corporate lawIn California, both the Secretary of State’s office and the Franchise Tax Board have the authority to suspend a California corporation. The Secretary of State’s office can suspend a corporation based upon the failure to file and pay the annual Statement of Information. This statement contains the identity of the officers and directors of the corporation, as well as its agent for service of process. The failure to file a Statement of Information on time may result in a $250.00 late fee.

The Franchise Tax Board has the authority to suspend a corporation based upon the failure to pay the minimum tax of $800.00 a year or the failure to pay any taxes that are owed. In addition, a corporation may be suspended for the failure to file tax returns. Tax returns are required on an annual basis even if the corporation is not doing business.

The impact of a corporation being placed in suspended status is substantial. When a corporation is suspended, it has lost all rights and privileges as a corporation and cannot legally operate. In that regard, technically a suspended corporation is required to close its business and stop all business related activity. Moreover, a suspended corporation cannot sue or defend any action in court. Furthermore, a suspended corporation that provides a service, or goods, to third parties while suspended may not be able to collect payment for such services or goods since the suspended corporation technically was not permitted to engage in any business transactions.

A California corporation can be placed back in good standing after its has been suspended by being revived or reinstated. Until the corporation corrects its suspended status, the corporation is prohibited from transacting business and any contract executed by a suspended corporation is voidable at the demand of the other party. The only exceptions to the loss of corporate privileges upon suspension are that the corporation may (1) change its name by amendment to its Articles of Incorporation and (2) apply to the Franchise Tax Board for tax exempt status.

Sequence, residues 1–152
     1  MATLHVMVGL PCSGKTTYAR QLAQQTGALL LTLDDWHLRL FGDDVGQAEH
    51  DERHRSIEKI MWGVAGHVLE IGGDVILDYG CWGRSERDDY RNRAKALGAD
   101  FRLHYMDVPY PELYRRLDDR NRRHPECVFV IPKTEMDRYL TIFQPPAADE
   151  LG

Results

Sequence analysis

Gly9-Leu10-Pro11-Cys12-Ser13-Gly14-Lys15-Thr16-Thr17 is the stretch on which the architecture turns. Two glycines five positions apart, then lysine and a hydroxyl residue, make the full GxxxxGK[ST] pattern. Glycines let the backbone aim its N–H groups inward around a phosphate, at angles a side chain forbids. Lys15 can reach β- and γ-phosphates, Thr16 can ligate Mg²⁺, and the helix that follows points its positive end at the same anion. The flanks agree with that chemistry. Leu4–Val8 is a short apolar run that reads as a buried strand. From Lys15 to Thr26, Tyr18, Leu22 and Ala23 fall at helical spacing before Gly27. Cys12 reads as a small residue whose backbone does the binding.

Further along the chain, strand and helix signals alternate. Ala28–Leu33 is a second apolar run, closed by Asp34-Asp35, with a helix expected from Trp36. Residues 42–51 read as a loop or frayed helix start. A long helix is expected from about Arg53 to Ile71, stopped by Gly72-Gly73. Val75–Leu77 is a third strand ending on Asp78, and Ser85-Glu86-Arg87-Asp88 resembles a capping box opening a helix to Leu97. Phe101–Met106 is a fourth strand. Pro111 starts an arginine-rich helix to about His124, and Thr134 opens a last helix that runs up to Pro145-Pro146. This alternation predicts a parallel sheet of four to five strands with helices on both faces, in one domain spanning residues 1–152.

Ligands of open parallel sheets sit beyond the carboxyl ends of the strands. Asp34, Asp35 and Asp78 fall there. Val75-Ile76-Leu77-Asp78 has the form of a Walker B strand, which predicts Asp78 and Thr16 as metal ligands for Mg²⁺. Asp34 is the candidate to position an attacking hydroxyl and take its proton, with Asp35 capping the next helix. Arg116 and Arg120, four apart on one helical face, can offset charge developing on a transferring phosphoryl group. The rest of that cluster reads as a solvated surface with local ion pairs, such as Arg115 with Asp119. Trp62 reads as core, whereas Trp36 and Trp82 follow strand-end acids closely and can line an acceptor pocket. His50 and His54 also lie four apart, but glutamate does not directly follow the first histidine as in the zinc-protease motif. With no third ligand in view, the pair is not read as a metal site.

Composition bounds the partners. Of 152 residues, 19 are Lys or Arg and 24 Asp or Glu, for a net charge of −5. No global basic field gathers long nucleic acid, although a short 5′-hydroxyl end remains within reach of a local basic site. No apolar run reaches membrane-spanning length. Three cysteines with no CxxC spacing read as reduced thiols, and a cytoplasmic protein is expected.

Once notification is received of the suspension, it is important to move as quickly as possible to have the corporation revived or reinstated. A corporation that was suspended by the Secretary of State because of the failure to file the required annual Statement of Information can be revived by sending a letter to the Secretary of State along with (1) the delinquent Statement of Information and (2) the payment of the overdue fees and/or penalties imposed. Provided that the corporate name is still available, the Secretary of State will send a “Notice of Reviver” to the corporation and notify the Franchise Tax Board. If the corporation’s name was taken by another corporation during the suspension period, then the Secretary of State will advise the corporation that it must change its name by amending its Articles of Incorporation before the corporation can be revived.

In the event that the corporation was suspended by the Franchise Tax Board, the suspended corporation may have its corporate privileges reinstated only by filing all delinquent tax returns and statements, paying all applicable taxes, penalties, interest and fees, and filing an application for a Certificate of Revivor with the Franchise Tax Board. Before the Franchise Tax Board issues the Certificate of Revivor, the Secretary of State must again approve the corporate name to insure that another corporation did not take the name during the period of suspension.

In summary, the potential adverse consequences that can flow from the suspension of the California corporation dictate that both the required Statement of Information and the payment of the minimum annual franchise tax and tax return be transmitted on a timely basis. While a corporation can be revived or reinstated following a suspension, the danger exists that the corporation’s name will be taken by another entity during the time of the suspension. Additionally, the risk of being unable to participate in litigation, as well as the risk of having a contract voided by the other party, greatly outweigh the burden of complying with the requirements of the Secretary of State and the Franchise Tax Board.